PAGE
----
DesignTato Architects, Yo Shimad
TeamYo Shimada, Takeo Watanabe, Yuka Himeno
StructureTakashi Manda Structural Design, Takashi Manda, Taijiro Kato
Text description provided by the architects. We have designed many landings. It is a place floating in the air, from which you can look back to where you were just before, and look forward to where you will go. House in Kawanishi, which was completed before this house, was also architecture of landing.
Most important there was that the space for landing was slightly bigger than usual. It belonged to neither the ground floor nor the first floor. The level of the first floor has been adjusted to function as a desk sitting over it. It showed the position of architecture that tried to keep a little distance from the interior and the exterior.
As well as House in Kawanishi, intentional division of stairs makes a landing in this house, floating delicately 750mm above the floor. We tried to represent this ambiguous feeling of belonging to neither of the floors not by actual landing, but by other manipulation such as window arrangement. While they have a conventional scale, the size of the opening is easy to be manipulated, as they are not restricted by scale of physical bodies.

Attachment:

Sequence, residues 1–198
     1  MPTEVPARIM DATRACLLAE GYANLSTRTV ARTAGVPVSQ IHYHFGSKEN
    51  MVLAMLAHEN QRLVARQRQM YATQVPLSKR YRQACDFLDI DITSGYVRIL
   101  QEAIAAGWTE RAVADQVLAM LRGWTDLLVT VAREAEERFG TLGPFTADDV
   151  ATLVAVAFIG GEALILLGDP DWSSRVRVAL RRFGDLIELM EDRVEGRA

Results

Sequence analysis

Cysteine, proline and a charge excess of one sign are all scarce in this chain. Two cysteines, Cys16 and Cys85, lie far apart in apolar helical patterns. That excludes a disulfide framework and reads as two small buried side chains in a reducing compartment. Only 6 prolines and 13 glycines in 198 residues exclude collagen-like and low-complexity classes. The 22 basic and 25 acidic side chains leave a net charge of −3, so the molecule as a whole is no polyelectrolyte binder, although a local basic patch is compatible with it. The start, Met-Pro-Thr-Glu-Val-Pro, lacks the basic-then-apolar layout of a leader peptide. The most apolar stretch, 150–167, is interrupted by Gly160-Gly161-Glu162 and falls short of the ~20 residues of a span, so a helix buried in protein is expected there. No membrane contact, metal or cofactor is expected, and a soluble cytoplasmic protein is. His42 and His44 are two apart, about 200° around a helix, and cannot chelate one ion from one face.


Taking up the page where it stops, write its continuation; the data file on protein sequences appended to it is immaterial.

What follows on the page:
In House in Hieidaira, utilizing the conventional image of barns, we tried to make archetypal houses look smaller than their actual size. In this house, we placed three rows of windows equally, expecting to bring a scale gap in its size, and a mystical feeling of floating, which is similar to the one felt on landings.
“House in Hikone” is a single family house for a young couple and their children in Hikone, Shiga. A residential area so far existing of mainly grassland, but soon to be occupied by ready built houses. The challenge was to seek a proper built form there, which will resolve any surrounding environment, keeping the memory of grassland.
It resulted in the white oval cylinder with forty-two windows, in which wooden boxes and a floor were inserted to create a living space. It was placed diagonally in the site, remaining space between adjoining houses. Many windows segment the view and make the façade work as a filter. In this way, the house is ready for any change in the surrounding environment. Curiously enough, invisible parts were supplemented suitably, and a certain type of transparency appeared.
The outer wall, on which windows are placed equally, mediate a variety of living issues, while it is independent from them. It appears as if it is renovated from the building for a different use, which we expected to bring a certain type of fresh quality of ruins to this house.